Cyber Matters: Elder Fraud and Protecting Our Loved Ones from Phone, Mail, and In-Person Scams

Episode 17 September 21, 2023 00:31:08
Cyber Matters: Elder Fraud and Protecting Our Loved Ones from Phone, Mail, and In-Person Scams
Kassouf Podcast Network
Cyber Matters: Elder Fraud and Protecting Our Loved Ones from Phone, Mail, and In-Person Scams

Sep 21 2023 | 00:31:08


Hosted By

Tara Arrington

Show Notes

This is Cyber Matters, part of the Kassouf Podcast Network, with host Russ Dorsey, Principal and Chief Information Officer at Kassouf. Cyber Matters discusses issues that truly matter - to us, our clients, their families, and their businesses. 

In this episode, we welcome Lynn Shobe, retired Senior Special Agent with the Alabama State Bureau of Investigation. We talk about phone, mail, and in-person financial fraud, and why criminals still use these "old school" methods. 

Lynn, a Certified Fraud Examiner and Certified Financial Crime Investigator, has spent over half of his 40+ year career focusing on financial crime and fraud investigation. His focus on financial fraud has led him to a deep understanding of both the criminal and victim mindsets. 

In the first part of this two-part series, we discuss the characteristics of scams and some of the tactics used. We talk about victims’ mindsets, and why so many people, especially the elderly, are fooled into handing over thousands of dollars, sometimes repeatedly. 

You can reach Lynn through his LinkedIn 

According to the FBI IC3 report on Elder Fraud, criminals stole over $3 billion from our nation’s elderly in 2022 alone, costing the average victim $35,000. 

If you or someone you know has been a victim of elder fraud, involve local law enforcement immediately. In cases of significant monetary losses, ask your local law enforcement to involve the FBI immediately. 

And contact the National Elder Fraud Hotline: 833–FRAUD–11 or 833–372–8311. 


View Full Transcript

Episode Transcript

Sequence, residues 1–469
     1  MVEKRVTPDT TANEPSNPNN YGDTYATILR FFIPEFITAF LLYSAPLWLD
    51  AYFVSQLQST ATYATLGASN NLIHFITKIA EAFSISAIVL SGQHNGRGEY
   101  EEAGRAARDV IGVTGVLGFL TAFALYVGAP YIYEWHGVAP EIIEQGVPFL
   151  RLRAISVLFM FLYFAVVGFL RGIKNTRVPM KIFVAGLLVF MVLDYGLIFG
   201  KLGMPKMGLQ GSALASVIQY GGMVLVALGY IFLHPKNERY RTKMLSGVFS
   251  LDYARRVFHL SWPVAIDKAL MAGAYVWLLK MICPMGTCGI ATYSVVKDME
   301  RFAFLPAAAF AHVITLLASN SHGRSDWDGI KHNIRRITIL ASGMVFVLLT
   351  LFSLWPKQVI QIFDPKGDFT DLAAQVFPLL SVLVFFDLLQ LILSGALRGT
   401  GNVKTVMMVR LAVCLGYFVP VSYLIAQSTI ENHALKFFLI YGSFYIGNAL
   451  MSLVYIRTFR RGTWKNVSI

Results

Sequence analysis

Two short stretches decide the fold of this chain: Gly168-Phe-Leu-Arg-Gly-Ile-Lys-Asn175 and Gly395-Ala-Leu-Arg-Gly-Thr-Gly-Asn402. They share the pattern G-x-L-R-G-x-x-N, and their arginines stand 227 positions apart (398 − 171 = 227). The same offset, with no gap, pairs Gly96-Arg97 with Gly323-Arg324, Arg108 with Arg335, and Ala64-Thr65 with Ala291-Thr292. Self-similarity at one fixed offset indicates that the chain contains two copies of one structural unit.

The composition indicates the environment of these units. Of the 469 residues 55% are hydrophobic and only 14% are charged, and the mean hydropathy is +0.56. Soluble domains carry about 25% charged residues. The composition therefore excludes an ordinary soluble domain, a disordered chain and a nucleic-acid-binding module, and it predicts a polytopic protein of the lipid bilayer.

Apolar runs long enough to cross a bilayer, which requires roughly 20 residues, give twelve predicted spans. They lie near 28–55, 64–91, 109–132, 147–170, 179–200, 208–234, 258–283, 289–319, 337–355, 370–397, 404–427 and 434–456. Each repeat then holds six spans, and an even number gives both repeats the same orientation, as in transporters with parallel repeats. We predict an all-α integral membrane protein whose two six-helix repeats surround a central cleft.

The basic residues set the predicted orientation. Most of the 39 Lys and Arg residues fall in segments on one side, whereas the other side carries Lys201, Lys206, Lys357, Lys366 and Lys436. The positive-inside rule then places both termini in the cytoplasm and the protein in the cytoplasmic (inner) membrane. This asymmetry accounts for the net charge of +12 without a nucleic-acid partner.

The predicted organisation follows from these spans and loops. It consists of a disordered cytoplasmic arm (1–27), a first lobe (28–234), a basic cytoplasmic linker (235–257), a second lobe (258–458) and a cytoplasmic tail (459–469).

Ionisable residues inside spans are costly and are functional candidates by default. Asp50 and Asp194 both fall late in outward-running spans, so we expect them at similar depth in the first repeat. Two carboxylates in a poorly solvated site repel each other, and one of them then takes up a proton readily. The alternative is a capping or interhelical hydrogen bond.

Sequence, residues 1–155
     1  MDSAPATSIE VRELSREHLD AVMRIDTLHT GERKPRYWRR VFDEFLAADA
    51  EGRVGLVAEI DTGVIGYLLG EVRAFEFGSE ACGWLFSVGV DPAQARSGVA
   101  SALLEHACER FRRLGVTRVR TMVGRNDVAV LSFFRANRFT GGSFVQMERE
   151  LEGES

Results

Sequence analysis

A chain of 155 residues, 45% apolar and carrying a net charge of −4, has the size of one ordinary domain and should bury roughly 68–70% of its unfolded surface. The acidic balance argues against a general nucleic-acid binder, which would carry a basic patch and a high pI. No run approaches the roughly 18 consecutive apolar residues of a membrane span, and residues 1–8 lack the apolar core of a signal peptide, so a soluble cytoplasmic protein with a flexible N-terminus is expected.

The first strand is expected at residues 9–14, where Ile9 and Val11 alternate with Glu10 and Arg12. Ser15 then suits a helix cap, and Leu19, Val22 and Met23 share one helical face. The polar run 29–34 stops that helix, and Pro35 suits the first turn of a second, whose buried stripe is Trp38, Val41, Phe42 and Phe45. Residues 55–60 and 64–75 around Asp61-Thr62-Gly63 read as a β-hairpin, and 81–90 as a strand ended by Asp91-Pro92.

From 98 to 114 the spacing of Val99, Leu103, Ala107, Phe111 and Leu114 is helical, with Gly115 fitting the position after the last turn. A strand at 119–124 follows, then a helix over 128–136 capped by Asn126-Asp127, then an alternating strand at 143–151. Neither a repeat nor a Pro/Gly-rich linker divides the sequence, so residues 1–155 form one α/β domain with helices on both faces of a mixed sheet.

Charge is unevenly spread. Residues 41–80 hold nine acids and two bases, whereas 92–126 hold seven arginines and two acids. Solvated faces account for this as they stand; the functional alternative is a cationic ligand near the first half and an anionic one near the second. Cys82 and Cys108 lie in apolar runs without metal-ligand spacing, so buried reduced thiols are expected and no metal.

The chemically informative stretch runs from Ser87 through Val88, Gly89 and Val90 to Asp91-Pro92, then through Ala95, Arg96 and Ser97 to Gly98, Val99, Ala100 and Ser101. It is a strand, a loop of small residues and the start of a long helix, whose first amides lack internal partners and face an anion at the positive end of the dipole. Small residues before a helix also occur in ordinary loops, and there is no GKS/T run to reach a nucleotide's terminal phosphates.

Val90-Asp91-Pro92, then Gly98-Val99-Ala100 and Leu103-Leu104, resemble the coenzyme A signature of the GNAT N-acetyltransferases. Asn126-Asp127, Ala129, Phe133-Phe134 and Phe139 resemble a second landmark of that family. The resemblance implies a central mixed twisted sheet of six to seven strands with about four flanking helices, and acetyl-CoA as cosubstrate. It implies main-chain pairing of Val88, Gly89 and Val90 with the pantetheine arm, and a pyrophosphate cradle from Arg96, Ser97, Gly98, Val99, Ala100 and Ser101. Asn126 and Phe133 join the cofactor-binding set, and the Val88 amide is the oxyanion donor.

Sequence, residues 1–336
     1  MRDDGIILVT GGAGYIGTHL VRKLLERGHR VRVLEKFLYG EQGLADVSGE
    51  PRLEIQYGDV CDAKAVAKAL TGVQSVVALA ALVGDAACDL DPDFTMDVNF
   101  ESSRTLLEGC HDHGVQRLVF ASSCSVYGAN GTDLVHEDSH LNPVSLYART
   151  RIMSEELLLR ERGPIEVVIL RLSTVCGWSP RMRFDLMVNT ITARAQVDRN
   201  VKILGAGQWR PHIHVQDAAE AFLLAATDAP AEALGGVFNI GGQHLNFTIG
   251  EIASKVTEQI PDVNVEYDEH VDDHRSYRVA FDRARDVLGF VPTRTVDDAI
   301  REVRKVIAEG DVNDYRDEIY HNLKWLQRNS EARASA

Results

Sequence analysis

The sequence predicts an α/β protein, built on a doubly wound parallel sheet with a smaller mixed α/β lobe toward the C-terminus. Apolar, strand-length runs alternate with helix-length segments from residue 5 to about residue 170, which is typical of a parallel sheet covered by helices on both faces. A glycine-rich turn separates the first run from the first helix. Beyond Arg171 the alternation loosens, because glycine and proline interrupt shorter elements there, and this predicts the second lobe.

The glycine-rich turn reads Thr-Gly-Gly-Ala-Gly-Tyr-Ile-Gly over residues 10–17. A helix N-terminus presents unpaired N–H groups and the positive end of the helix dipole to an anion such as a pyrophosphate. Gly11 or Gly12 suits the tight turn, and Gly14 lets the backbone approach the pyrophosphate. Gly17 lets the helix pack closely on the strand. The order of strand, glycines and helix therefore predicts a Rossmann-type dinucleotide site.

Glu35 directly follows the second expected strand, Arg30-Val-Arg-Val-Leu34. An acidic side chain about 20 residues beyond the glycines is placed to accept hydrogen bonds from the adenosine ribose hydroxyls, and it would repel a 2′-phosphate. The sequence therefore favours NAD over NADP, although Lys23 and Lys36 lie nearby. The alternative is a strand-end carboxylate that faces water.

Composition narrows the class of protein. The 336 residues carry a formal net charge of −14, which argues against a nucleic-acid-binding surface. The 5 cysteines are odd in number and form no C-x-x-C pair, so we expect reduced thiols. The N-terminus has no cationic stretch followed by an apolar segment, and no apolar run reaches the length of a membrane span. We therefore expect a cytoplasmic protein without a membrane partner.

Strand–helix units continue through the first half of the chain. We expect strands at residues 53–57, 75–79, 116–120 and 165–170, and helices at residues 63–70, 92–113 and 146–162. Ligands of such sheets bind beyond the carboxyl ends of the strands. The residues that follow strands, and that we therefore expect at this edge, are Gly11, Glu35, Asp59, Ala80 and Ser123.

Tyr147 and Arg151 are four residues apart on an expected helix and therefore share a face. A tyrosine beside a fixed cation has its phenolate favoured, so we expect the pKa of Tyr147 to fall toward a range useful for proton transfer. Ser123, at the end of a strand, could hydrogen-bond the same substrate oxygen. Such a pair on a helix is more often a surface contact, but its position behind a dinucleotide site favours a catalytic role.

[00:00:05] Speaker A: Hello, and welcome to another episode of Cyber Matters. Powered by the Kasuf Podcast Network. I'm your host, Russ Dorsey. I'm a principal and CIO at KSOF and Company here in Birmingham. And with this podcast, we talk about the cyber that matters to us and our clients and their families businesses. It's maybe less technical and more about how this technology benefits us and how we can make the most out of it, how businesses are using it, but also very much how we have to protect ourselves in this modern world with everything as fast changing as it is. I'm very excited today to have a guest, Lynn Schobe. I'm going to bring you on camera here. Lynn is currently with the Jefferson State Police. [00:00:48] Speaker B: Jefferson State Community College. [00:00:49] Speaker A: Jefferson State Community College Police. Today we're going to be talking about financial fraud and Scams specifically more the email and phone and in person type. And we'd say, well, why is that on a cyber show? Well, A, it needs to be done because this is still a huge problem. It's a huge problem affecting our families and our parents and aunts and uncles. But also there's a cyber component behind this because before they define the victim, they're still doing all of that, calling on the back end of social media and all of this data mining to find these targets. So that's kind of how we're getting it into our scope today of talking. But I think this is going to be a really nice departure into something or an important departure into something that we all need to be aware of. And that is one of the comments we made about if we're saying things over and over and over again, it's because the problem hasn't gone away, right? I mean, it continues to be a multi billion dollar a year problem. But your career into financial fraud investigation, I've got it written down over here, so I'll get it right. But you're a certified fraud examiner and also certified financial crime investigator. And just to quickly go through your career, starting about the time I know you were in the army, right? [00:02:05] Speaker B: Actually started before that. Last month, I hit my 49th anniversary in public law enforcement. I did eight years in local law enforcement in Tennessee and then five and a half in the army. At the end of that time frame, I was teaching at the Army Military Police School and was the chief of the Economic and Computer Crime Branch at the MP School when I met some people from the Treasury Department. And one day they called and said they want to recruit me away from the army. And so in 1987, I left active duty and went to work for the Treasury Department, initially for what was known as the IRS Inspection Service. And then in 1999, Congress moved that to Maine Treasury under the new name treasury Inspector General for Tax Administration. And that's where I was until retired from there in 2008 and then went to work for the state and retired as a senior special agent from the State Bureau of Investigation in 2019 when I joined the college system. [00:03:06] Speaker A: You keep using this word retired as if you're not working anymore. [00:03:11] Speaker B: But no, I'm blessed to be able to. I'm drawing three retirements and just doing this because I want to. [00:03:18] Speaker A: That is a great place to be. But working with the college system where you are now, you were telling me that you're doing, like, special projects, you get farmed out. For instance, you're at Marion Military Institute. You're helping stand up. [00:03:30] Speaker B: That's right. One of my responsibilities, to help stand up. Over the last two years, we've stood up eight new police departments in the two year college system. And so this is the third time I've been farmed out to be the interim chief of police at a different college while we're getting the infrastructure in place. [00:03:46] Speaker A: Yeah, that's paying it forward. And I can't thank you enough for your service in all these public sectors. It's very humbling to be here because I'm just a pedestrian civilian who's worked in the private sector, but to have that much impact and thank you for that. But along the way, you got really deep into financial crime investigation, but also the fraud aspect. You were telling me there's about a 1520 year stint there where you're really focused on that and that you continue to stay involved in that. And I've heard you speak through Infreguard, which is, I think, where we met, and you were on a couple of our financial fraud, the things we did through COVID to survive, where we're doing all this broadcasting. But what I liked about yours was one of them we really got into the psychology of the criminal mind, but also how you get into investigating and talking to people through that investigatory process when you're, I guess, is interrogating the right word or just yeah, if you're. [00:04:51] Speaker B: Talking to the bad guy. One of the things that just because of the nature of the work and where the bad guys were located, which was, in my situation, rarely in Alabama, my focus was mostly on the victim end. And so had a lot of opportunity to work with victims of financial fraud and learned a lot more about the victimology side of the house as opposed to working with the bad guys. Most of the time, the bad guys were somewhere else, and I was feeding information about the particular victim back to the case agents in another jurisdiction. [00:05:27] Speaker A: Yeah, the other aspect of that, I think, the next year you came back was then you were talking specifically about the elders fraud aspect of this, the phone and the postal mail scams. I mean, good old snail mail still very effective. So we're going to today talk in, I hope, of both areas. But in this first segment, I think if we look around what's common about scams. And again, I'll say on the onset, I'm blessed still that my parents are both very sharp. I talk about this to them as often as I can, and they pretty much shut me down that they're watching the show, they know about the stuff, about the time I get it out of my mouth. And my mom is very skeptical, of course. She's blaming my father for being the one that's going to get on the computer, but I'm still blessed to have pretty good conversations with them. But anybody can fall victim to this. There are several kinds of scams I want us to get into. There's the short term where they're casting the wide net, but then there are the ones where they really get their teeth into somebody and go for what I call the long con. I think pig butchering and these other terms are what's being used for that. But what do you find if we're getting this out to people, what do you find to be the common or most effective scams? I know there's going to be some general questions, but what do you see as the most common threat right now and what are you seeing? [00:07:00] Speaker B: Well, the one thing I want to remind everybody of is that a couple of my phrases I use over and over is never say never. And that what is old is new again. Because back in the day, probably all the scams were face to face. And then with the advent of the telephone or the mail, then people began to cheat people through the mail. And then with the advent of the telephone, with the different technology, and with the advent of computers and the internet. So if you get in the mindset that I will never be scammed in person because all scams are now on the internet, well, that's not the way that works either, or that scams no longer occur on the telephone. So every time you think you're dealing with a different level, then always remember that they're going to double back and use the more common things. So there are going to be some face to face things. One of the biggest indicators of a scam is there's going to be an overwhelming sense of urgency. Whatever it is that they want done, it must be done right now. If it's an investment opportunity, it must be done right now. If you're about to win a sweepstakes or a lottery, it must be done right now. If you want to avoid going to jail or running afoul of some sort of a criminal investigation, it must be done right now. You've got to go right now and get the money and transmit it in whatever fashion that they say. And even that goes back to whatever is new. Sometimes they would ask for currency, sometimes for cashier's checks, sometimes now they're very common that they will have the individual to go to where we would call an ATM for cryptocurrency and buy the cryptocurrency. And then, of course, the other individual has all the information. The bad guy has the information as to how to get the proceeds. How the money is transferred is going to go back and forth in terms of old ways, new ways, and whatever. But there's always going to be that overwhelming sense of urgency. Whatever it is, it's got to be done right now. If it's about an opportunity, another big indicator is going to be that it sounds too good to be true. So anything that sounds too good to be true probably is. So those are going to be two very big indicators. [00:09:37] Speaker A: And when you talk about in person, there's still caregivers, people that might have power of attorney for whatever reason. I know there's people that manage what the court appointed caregivers that are managing people while they're in retirement homes or whatever. What's the term I'm looking for for that? [00:09:57] Speaker B: Conservators. [00:09:57] Speaker A: Conservators. Thank you. So however the connection happens, be it technology, the phone, the mail, or this in person need to have this person in my life or in my parents life or whatever, then you've got this. Everything else, like you said, just becomes the old same old tricks. They're just finding a new way to deliver them. The things you see again in the cyber world. We look at again what we call the wide net, the phishing attacks versus the spear. I think coming out of India, the warranty scams where they're just calling up to say, hey, we're here to renew your Maytag warranty on your washer, and they're hoping to make a quick $200 and move on. Do you see more of that, or do you see I guess with what you're doing, you get involved, I guess when there's already been a criminal complaint, maybe somebody calls you in to consult. So you're seeing the ones that have turned into 50,000 $100,000 losses where they've really gotten into somebody's savings. So you see more of that. [00:11:04] Speaker B: I have seen a lot of that, as a matter of fact. So much so that I've sat in the homes of victims where something was reported to us that fell within the purview of my agency, only to find that the victim that I'm talking to has been victimized over and over and over and over with variations of other scams that would have not fallen in our purview. I'm just now getting there. I'm just now finding out about that. But they've lost tens of thousands of dollars over a period of time. And it has gotten so bad that on multiple occasions, while I'm sitting in the home of the victim trying to conduct an interview, the bad guys are calling while I'm sitting there interrupting my ability to conduct an interview because they're being scammed over and over and over. And one gentleman in particular called us up one day, and it was the first time they'd ever mentioned anything about the IRS as part of the scheme. And he thought that OD. So he called the actual IRS. They call me, I go out and I'm sitting talking with the man, and turns out that the call that he got that he called us about was the third he had gotten that day alone. And after he called us, he got two more and he sent money to the other two. And by the time I could get there on the same day, that was at least five different fraud schemes that he was being attacked by just in one day. And this has been going on for months. And he'd lost some untold amount of. [00:12:44] Speaker A: Money as far as our over 55, which we both are. I remember when I started getting the ARP cards a few years back. That was a good feeling. That puts us also on list because those are readily available list. And also the other thing, and I don't have the numbers, but our retired population holds the most wealth, obviously because of where they're at in life. So we're talking about individuals that even if they've had a pretty humble life, they worked at maybe a factory or maybe worked in a midland, they've still had hundreds of $1,000 in the bank because they've been able to save up over time. And this is their retirement. That's more money than a lot of small businesses have in their bank accounts week to week. But what is the psychology behind I guess we talk about the criminals. We know what motivates them and that they're obviously adept to this. But when we think about our parents this is a smart generation. I said before, this is a generation that won a couple of world war. They won a couple of at least one world war, got to the moon on slide rules. These are not people that you would think would just at this point in their life. But is it the trust factor? I know there's diminished capacity comes to play, but I think the trust factor because they will answer. They'll answer the phone. I refuse to answer the phone at home. My wife is to that point now she's got to know who's calling, even if it's to tell the guy off. She'll engage just to tell the guy to go pound sand and feel some gratification. I'm like, you shouldn't have even given him that moment with you. [00:14:24] Speaker B: Yeah, actually, if you answer the phone at all, it's probably an indicator that that's actually a working telephone and somebody might answer. And in some of the schemes, no matter, it's going to start as one thing and then if they feel confident that they've got you on the hook, then they're going to continue. And for a long time there, I can pretty much write the script. That is what's going to happen. The first set of calls are going to sound like this and then it's, oh well, something else has come up and now you need to send more money. And once you do that, well something else has come up. You got to send more money. And then ultimately it would switch off. And really the same set of bad guys, but not known to you that it's. The same set of bad guys are now going to call in what we call the recovery room schemes. And they're going to claim to be some sort of law enforcement entity or government agencies that's investigating the fact that you have been scammed and that sometimes they'll even tell you that we can see here that you sent money to so and so. And they'll know the dollar amounts and so that will bolster the confidence of the victim because this person knows so surely they are a real law enforcement entity. I've had them call, say they were from the Nevada State Attorney General's office, and they'd executed a search warrant on a telemarketing operation there. And they could see where he had sent money and they had recovered the supposed winnings and that they were going to get those out to him, but then immediately would turn back into so all you need to do now is send this amount of money to us. And it was always about more money, more money, more money. Even though they claimed to be somebody completely different investigating the bad guys. I've had them claim to be attorneys. They were filing class action lawsuits against a corrupt telemarketing organization and they were going to get you three times your money back, but you had to send legal fees. And then when we talk about the victims on the front end, like a little bit of diminished capacity. I had a coworker one time and that would sometimes talk about what people were saying. And so I said, well, did you have confidence in what they said? Well, yes. So where do you think the word con man came from? That's exactly what it is. So if they got a good enough spiel and you have confidence in what they're telling you and then they get you talked into doing it for whatever reason. And sometimes it's going to be about winnings, sometimes it's to avoid negative consequences, whatever it is, if they can talk a good game, get you started, then they're going to continue doing that. If you're victimized, we talked about the victimology thing for a moment. First of all, you're going to be in denial. You don't really want to admit that you've just been taken. And then it kind of turn into other things and you're going to hide the fact probably from other family members. A lot of older citizens are concerned about losing their independence, don't want their kids involved in their business. And so they'll kind of hide the fact that that's happened. And then I've seen it turn into almost like a gambling addiction. They've lost money regularly to multiple schemes, and the next one will call, and their mentality is, I've only got to hit once and then I'll stop. I can't tell you the number of victims I've worked with where that's the point that they've gotten to. If I just recoup all the money I've lost across the board with one of these and then I'll stop, and that's never going to happen. I've also had them get to the point where the same gentleman that I was telling you about, that we had five schemes on the same day, and he'd been cheated out of a lot of money over a period of several months. After we would work with him actually even had wired up, he would participate in the investigations. We recorded telephone conversations from his home with the bad guys. So he was heavily involved in the investigative process. And then he would call us up on the phone, hey, I just got a telephone call from an attorney in San Francisco. He's going to file this class action lawsuit against these corrupt telemarketers, going to give me three times my money back. But he said I got to send him $500 in legal fees. And then he would say, I'm giving you 1 hour to prove it's a scammer. I'm sending the money. I mean, almost angry at us. That's how I've seen them go from being taken, being in denial, then getting desperate enough that they will continue doing that, to only have to hit once, to actually being almost angry at the investigators. [00:19:20] Speaker A: There's an indignation over what's happened to them and that they're now. And I think that's something we all can get to that stage where now I'm aware of, but then you're just as susceptible to the next. We either victims ourselves because we're not being aware of things, which is the nature of life, or somebody we care about. So I'm going to assume that I'm smart enough to maybe protect myself. So what do I need to be looking for, for the people that I care about to be able to tell them? What would you tell me, say, Rush, you're not that smart. [00:19:57] Speaker B: Starting off first, we're talking about how the individuals can kind of protect themselves. It doesn't really matter if it's in person contact, because this may be like businesses like home repair, scams, things like that. People will approach you. Or it could be like an impersonation from a bank. We'll call it the bank examiner scam or pigeon drops, where somebody approach you in the parking lot, say, we found this money and we're going to be able to share in this money. But then in order for good faith, they'll say, okay, you need to put up money. In the meantime, the other two people in this thing are part of the scheme, and you're just the person that might get duped into doing that. And to show you how that can work, I had a good friend that was a police officer that was taken for $11,000 in one of those where he went to the bank and got money out, thinking that he was going to be able to partake in this other found money type situation. And through sleight of hand, whatever they gave him back was nothing more than newspaper clippings. [00:21:00] Speaker A: As a rule, there. I think it's pretty safe to say there's nothing that's going to come to you out of the universe that you should put money into expecting a return out of. Now if you go find an opportunity and you find it that way, you still got to be careful. [00:21:17] Speaker B: So depending on how again, if it's an in person thing, I caution people not to do business with anybody where they didn't initiate the contact. Somebody comes up to your house and say hey, we want to seal your driveway and you didn't call them, I'd be very skeptical about that and want to do business with those people. They just show up and want to fix your roof or clean your chimney or those kind of things. A lot of scams involved there where they want the money up front and not do the work or substandard work or even if it's on the telephone and it's some sort of an opportunity, be very skeptical about anything you did not initiate. Don't give them any of your identifying information. And one of the things that they're real big on now is they will automatically ask for a secondary method of contact, such as if they called your house, they now want your cell phone number. And then anytime somebody asks you to go to financial institution, withdraw money for any reason, and want you to stay on the line with them the whole time. Got an open line in the cell phone from the time you leave home, the time you go to the bank. They want the phone laid on the counter while you're talking to the teller. You get the money the whole way back home, a huge red flag. And so don't give them your secondary contact information and certainly don't go anywhere when somebody is asking you to keep them on an open line on the telephone. That can't be good. [00:22:45] Speaker A: Yeah, that falls back to that sense of urgency where it's got to be done right, which we already mentioned is. [00:22:50] Speaker B: Bigger and that way they can tell that you're actually doing it. I know back some of the cases that I'd worked, they would insist that you call FedEx and have FedEx come by the house and pick up the money that you're supposed to send them. And then the way they would follow up with you is they want you to give them the FedEx tracking numbers so they would know for a fact that you had done what it is that they're wanting to so. And it would be true if it was they want the overwhelming sense of urgency and don't deal with anybody that you didn't initiate the contact. [00:23:33] Speaker A: We can't just turn off our phones. I was hoping you say just turn off your phones, don't answer the door and life will be good. But they're going to find a way to get to you. [00:23:42] Speaker B: One way or the other they will. Even if you think you're savvy enough and you have a caller ID and you look at the caller ID and it looks like a residence local number and you answer it. And even if it's a legitimate company and I won't call company names but companies I do business with, I get a call from like somebody's house in the same town that I live in and when they answer it, it's a sales pitch from a company I do business with. And I'm going to have to assume for a moment that it was legitimately that company. But why is it showing up on my caller ID the way it does? The other thing is caller ID spoofing is so prevalent that they can actually make it show up if they want to say that there's warrant for your arrest for missing jury duty and you have to pay money now because of that because otherwise you're going to be arrested, which is a very common thing right now. It may actually show up on your caller ID that the call is coming from the sheriff's office by phone number and by name right on your caller ID or from a government agency it'll have the name of that government agency on. So if you're savvy enough to think you're screening those when I talk about impersonation investigations to law enforcement groups and when I teach in the police academy, the one thing I tell them is no particularly law enforcement officer is going to get the terminology wrong about his or her own agency. Everybody else might. News media is notorious for butchering the names of a government agency but that individual will not. So like a few months ago I get a phone call on my own personal cell phone and the person with a foreign accent starts the conversation. I'm from the Department of the Social Security Administration. It doesn't matter what he says after that. There is no such thing as the Department of the Social Security Administration. Just plain old Social Security administration. And at that moment that's an indicator know hang can't you get the terminology right? [00:25:39] Speaker A: Yeah. I think that's always a good tip we give our clients. The IRS is going to send you a registered letter or if you've gone far enough along with them and you're already in the process and they're just going to come to your door. Social Security is going to send you by mail. I don't know of any legitimate contact that happens by phone. The police will call if and we have had phone calls before. The FBI will call you if there's an ongoing situation and they're calling to alert you about something, but they're never going to ask for anything in return. They're not going to ask you to go. [00:26:15] Speaker B: That's right. [00:26:16] Speaker A: If it's a just for it to be admissible, they can't call you on the phone and say, hey, we got this criminal complaint on you. You got to go get money right now. [00:26:26] Speaker B: Right. They're not going to do that's. [00:26:27] Speaker A: Not how they're going to engage a warrant. Right. [00:26:29] Speaker B: Yeah. For a small crime, a police department might call you and say, I just won't let you know there is a warrant has been issued, something you may want to take care of, but there will never be a day that they're going to call and say, we're on our way to your house to execute a warrant. And the only way you can avoid that, no law enforcement agency is going to do it. 49 years, I've never heard of such a thing. That just does not happen. But people will be scared that that's going to happen. Now, occasionally they'll call the house of someone that's in law enforcement that wants to play along with them and they'll say, come on, but obviously there's nobody coming. But they'll want you to go out and buy green dot cards or itunes cards or something like that just to satisfy the thing. Right. [00:27:16] Speaker A: And then I think the other thing would be to involve if you're concerned about it, I do want to talk about how to engage law enforcement in the next segment. But relying on family is important just to say, hey, I've got this going on. And this kind of comes around to something is happening right now that we've heard about. They're calling it the kidnapping scams but it's also, hey grandma, I'm stranded in Florida at spring break. Scam that's right. Which they're using AI now to generate voices with some success. And the families, you almost have to prepare for that and know mom or dad or my know we're going to have a safe word or we're going to have a process for if you ever are in trouble. And I've had this conversation with my kids. If you ever are in trouble, here's the thing. We're going to agree in advance that we're going to do about getting you to a safe place and just have that conversation so that somebody isn't because even and I think Darren Mott, when he was on here, was talking about that actually happened to his mother, and she called him and he said, no, the son's right here. But had he not answered the phone and she had not been able to get that confirmation in the moment, she might have fallen prey to that. So we have to have some conversation because as technology gets more insidiously used. [00:28:36] Speaker B: Oh, yeah, the thing about the voice generation, that is a really scary thing because not long ago my mother called me or called and. Talked to my wife and of course she's been scammed before. We've talked about that in the past. But she actually got a call that purported to be from my son. And fortunately he did not know how my mother was referred to it's like if hey grandma, this, that or the other. Well, that's not the way she knew that she was mima. Okay. So she was able to pick up on the fact that they didn't quite have that part down. But these family member in distress like grandparents, cams, that's a very real thing. And people will send money because the caller will be like, hey Grandma, and grandma says, is that you, Timmy? Well, he didn't know to be Timmy yet, but now he does. He said yes. And then he says, okay, whatever you do, don't tell mom and dad. But here's what's going on. I've been involved in an accident or I'm in a jail in Mexico or whatever the case may be. And unfortunately, too many people send money in those kinds of things. [00:29:49] Speaker A: Yeah, they do. And I think the other thing is even we talked about the authority scams, but imagine you get a phone call from local politician or it's Nick Saban or it's somebody like that on the mean. I think this next election cycle you're going to see more use of AI to generate those kinds of things. But if there's a known voice in your area, somebody that's and people will fall prey to that. We're going to take kind of break here and reset and come back for our second segment. So let me get myself up here. Not that people want to see me, but it makes more sense. But we want to thank you for this part of the segment, Lynn, and your time. We'll be posting this and then follow up in a week or so with part two. So if you're listening now, I want you to come back for part two of this where we're going to talk a little bit more about the different types of fraud and maybe some more, I think, get a little bit deeper into some case studies. But also what to look for with your family and also what to do to engage law enforcement is what we'll get in the next segment. So for today, I'm Russ Dorsey, again your host of Cyber Matters, powered by the Kazoo Podcast Network. And we'll be back soon with part two.